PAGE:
Navy athletics scoreboard operator Dave Hoffman, ‘a true American hero,’ has never missed a game

Fans attending games at Navy-Marine Corps Memorial Stadium and Alumni Hall take for granted that key information will be displayed on the scoreboard.

For football games, that means such elements as time, score, yard line and down and distance. Fans rely on those numbers while following the game, and it’s important that they are posted timely and accurately.

Navy athletics is fortunate to have a veteran scoreboard operator who is steady, reliable — and a true American hero — in Dave Hoffman, who spent more than a year of his life as a prisoner of war in Vietnam after being captured on a combat mission.

He has dedicated his life to service and has been unwavering in his support of the Naval Academy. Years after his retirement, he starting assisting the athletic department and has been a mainstay ever since.

Hoffman has handled scoreboard duties for every Navy home game in football, men’s and women’s basketball and men’s and women’s lacrosse since the late 1990s.

“I’ve never missed a game ever since I started doing it,” Hoffman states matter-of-factly. “I get the complete schedule from [Navy’s senior associate athletic director for sports information Scott Strasemeier] at the beginning of the year, put all the events on a calendar and make sure I never have any conflicts.”

When you add up all the home games for those four sports, Hoffman has probably worked close to 2,000 straight. Strasemeier said it’s reassuring to know the scoreboard is always in good hands.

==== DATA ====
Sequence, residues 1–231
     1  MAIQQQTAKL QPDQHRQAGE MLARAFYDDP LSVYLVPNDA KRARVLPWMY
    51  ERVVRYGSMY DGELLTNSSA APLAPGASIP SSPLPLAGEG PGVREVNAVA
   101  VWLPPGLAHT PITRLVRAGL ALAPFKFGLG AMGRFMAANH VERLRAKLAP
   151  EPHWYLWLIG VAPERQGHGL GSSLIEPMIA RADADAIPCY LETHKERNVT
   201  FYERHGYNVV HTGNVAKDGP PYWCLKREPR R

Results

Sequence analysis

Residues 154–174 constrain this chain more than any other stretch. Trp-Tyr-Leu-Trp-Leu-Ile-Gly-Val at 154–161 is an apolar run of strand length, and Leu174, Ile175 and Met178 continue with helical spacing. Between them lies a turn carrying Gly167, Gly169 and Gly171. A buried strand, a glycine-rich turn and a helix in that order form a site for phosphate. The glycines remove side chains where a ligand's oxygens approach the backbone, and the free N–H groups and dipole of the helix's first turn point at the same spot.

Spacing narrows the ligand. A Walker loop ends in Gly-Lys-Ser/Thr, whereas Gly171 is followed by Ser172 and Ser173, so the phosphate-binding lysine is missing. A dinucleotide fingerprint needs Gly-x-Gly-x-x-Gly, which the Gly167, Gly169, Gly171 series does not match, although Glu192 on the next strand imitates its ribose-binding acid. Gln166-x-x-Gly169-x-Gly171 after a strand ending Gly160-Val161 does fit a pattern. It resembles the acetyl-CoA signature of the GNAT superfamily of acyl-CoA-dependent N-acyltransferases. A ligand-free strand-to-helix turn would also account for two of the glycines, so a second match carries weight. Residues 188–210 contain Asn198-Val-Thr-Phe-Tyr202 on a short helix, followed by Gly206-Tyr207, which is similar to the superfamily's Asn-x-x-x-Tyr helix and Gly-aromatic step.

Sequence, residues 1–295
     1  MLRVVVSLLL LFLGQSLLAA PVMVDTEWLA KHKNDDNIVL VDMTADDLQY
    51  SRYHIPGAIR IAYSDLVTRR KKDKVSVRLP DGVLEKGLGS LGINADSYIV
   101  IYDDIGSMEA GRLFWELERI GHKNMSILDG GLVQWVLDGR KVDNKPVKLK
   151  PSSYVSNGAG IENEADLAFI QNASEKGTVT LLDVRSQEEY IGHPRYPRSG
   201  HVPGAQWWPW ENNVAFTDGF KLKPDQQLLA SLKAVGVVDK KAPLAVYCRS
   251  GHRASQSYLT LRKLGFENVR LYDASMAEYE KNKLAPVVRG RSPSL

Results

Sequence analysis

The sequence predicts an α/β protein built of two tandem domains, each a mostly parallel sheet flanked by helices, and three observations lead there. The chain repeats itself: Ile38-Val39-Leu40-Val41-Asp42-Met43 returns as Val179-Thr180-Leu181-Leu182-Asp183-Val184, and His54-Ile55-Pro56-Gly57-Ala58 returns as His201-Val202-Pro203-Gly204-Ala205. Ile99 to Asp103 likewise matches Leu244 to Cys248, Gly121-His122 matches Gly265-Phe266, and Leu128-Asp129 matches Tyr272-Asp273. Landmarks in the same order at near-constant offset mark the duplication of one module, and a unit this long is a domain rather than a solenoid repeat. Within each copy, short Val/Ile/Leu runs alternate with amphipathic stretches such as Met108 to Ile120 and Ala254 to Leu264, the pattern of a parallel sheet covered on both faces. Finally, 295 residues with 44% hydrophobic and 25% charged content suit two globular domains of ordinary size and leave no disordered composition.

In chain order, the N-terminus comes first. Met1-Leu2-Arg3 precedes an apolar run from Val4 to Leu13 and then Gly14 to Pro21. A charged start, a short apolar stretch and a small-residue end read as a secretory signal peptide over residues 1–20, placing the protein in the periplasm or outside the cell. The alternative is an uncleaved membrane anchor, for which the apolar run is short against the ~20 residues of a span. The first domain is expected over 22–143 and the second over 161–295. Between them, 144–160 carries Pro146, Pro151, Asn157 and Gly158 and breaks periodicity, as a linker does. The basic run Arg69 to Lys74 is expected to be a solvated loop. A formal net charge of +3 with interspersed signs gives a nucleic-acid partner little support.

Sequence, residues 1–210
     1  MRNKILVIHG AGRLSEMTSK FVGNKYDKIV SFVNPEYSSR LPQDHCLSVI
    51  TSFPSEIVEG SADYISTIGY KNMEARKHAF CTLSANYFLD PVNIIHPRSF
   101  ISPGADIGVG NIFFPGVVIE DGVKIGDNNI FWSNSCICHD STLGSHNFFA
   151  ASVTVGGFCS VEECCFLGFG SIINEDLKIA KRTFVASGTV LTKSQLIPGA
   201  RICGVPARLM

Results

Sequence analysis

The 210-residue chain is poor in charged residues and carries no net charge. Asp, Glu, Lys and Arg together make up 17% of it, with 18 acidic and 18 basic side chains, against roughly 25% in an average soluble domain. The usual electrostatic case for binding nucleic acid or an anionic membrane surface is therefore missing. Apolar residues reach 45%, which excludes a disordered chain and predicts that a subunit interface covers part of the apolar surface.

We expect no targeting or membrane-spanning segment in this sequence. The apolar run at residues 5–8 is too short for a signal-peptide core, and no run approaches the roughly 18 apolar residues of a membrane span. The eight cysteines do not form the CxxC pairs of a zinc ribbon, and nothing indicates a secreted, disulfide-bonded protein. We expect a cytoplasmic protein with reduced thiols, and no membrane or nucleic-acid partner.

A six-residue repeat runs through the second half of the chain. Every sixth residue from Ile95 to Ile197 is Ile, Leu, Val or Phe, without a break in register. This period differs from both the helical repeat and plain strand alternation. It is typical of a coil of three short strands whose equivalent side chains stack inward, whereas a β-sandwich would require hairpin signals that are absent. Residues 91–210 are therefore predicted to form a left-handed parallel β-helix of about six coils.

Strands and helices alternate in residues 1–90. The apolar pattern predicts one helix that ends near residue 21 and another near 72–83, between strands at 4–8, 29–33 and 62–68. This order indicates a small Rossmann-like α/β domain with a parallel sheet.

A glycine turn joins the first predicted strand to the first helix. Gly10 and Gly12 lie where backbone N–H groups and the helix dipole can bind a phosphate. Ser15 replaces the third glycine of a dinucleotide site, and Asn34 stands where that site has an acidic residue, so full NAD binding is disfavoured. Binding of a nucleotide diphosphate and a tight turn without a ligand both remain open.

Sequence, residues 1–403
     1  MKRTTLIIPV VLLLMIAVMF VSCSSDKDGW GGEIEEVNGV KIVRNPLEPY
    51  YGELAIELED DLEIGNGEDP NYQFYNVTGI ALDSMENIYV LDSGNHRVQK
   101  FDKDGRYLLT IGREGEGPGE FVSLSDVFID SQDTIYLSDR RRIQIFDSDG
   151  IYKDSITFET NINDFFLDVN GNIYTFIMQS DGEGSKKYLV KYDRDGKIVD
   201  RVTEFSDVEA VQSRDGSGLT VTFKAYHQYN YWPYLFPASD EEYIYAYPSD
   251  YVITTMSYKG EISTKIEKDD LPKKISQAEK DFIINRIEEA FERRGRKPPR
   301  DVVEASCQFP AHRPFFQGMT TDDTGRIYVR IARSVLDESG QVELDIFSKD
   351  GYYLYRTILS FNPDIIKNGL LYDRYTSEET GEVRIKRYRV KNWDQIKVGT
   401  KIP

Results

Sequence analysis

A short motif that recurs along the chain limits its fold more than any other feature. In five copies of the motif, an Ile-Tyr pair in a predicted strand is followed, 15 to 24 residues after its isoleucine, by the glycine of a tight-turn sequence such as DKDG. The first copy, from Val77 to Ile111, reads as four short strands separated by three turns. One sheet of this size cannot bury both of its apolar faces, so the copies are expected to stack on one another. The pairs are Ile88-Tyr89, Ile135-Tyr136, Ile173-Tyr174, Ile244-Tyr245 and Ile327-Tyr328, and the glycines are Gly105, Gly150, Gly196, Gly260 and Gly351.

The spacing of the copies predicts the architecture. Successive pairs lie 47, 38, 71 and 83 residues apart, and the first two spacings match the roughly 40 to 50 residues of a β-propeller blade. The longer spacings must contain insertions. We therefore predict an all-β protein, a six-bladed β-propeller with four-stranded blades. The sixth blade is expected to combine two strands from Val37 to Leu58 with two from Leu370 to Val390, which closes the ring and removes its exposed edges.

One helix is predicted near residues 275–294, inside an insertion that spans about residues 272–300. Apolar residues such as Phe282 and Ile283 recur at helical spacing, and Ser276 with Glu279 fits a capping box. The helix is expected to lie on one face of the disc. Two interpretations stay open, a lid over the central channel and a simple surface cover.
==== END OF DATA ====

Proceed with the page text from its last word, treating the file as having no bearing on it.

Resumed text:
“Dave Hoffman has a job with [Navy athletics] as long as he wants it because it’s going to be impossible to replace him,” Strasemeier said. “He is the Cal Ripken of scoreboard operators.”

Ripken, of course, holds the Major League Baseball record with 2,632 consecutive games played. Hoffman could probably post a similar number if he continued running the Navy scoreboards for another five years or so.

However, Hoffman recently celebrated his 82nd birthday and isn’t sure how much longer he will continue spending Saturdays inside the Navy-Marine Corps Memorial Stadium press box or seated at the Alumni Hall scorer’s table.

“It might be time to think about quitting,” he said.

In the next breath, Hoffman acknowledges how much he will miss being so closely associated with Navy athletics. “I really enjoy the sports and I love being around the athletes and coaches,” he said.

Hoffman takes tremendous pride in making sure the scoreboard is always up-to-date and accurate. He must assess the situation and then make quick decisions, inputting information to the scoreboard after every play in football and every made shot in basketball.

“You need to be alert and make sure you stay ahead of the action,” he said. “You have to pay close attention because you don’t want to make mistakes.”

Under the direction of Strasemeier, Navy has created a strong core of game-day personnel filling a variety of roles. Many are members of the sports information staff or other athletic department employees. Hoffman is among a handful of game day workers not employed full-time by the Naval Academy Athletic Association.

“I know Dave enjoys the game days as much as we do. There is a true camaraderie among the staff and we are one big family,” Strasemeier said. “Even though Dave is the senior member of our crew, we still give him a hard time just like everybody else and he wouldn’t want it any other way.”

An American hero

Hoffman was raised in Drexel Hill, Pennsylvania, and attended Germantown Friends School in Philadelphia. He annually attended the Army-Navy football game at JFK Stadium with his father, who was in the shipbuilding business.

“My dad not-so-subtly encouraged me to think about the Navy,” Hoffman said. “He would say things like ‘Don’t those blue uniforms look good.’ I learned what the Naval Academy was all about and it got to the point that is where I wanted to go.” Hoffman said.

Hoffman played baseball in high school and hoped to do so at Navy before suffering an arm injury during tryouts. He wound up serving as manager for the varsity baseball team.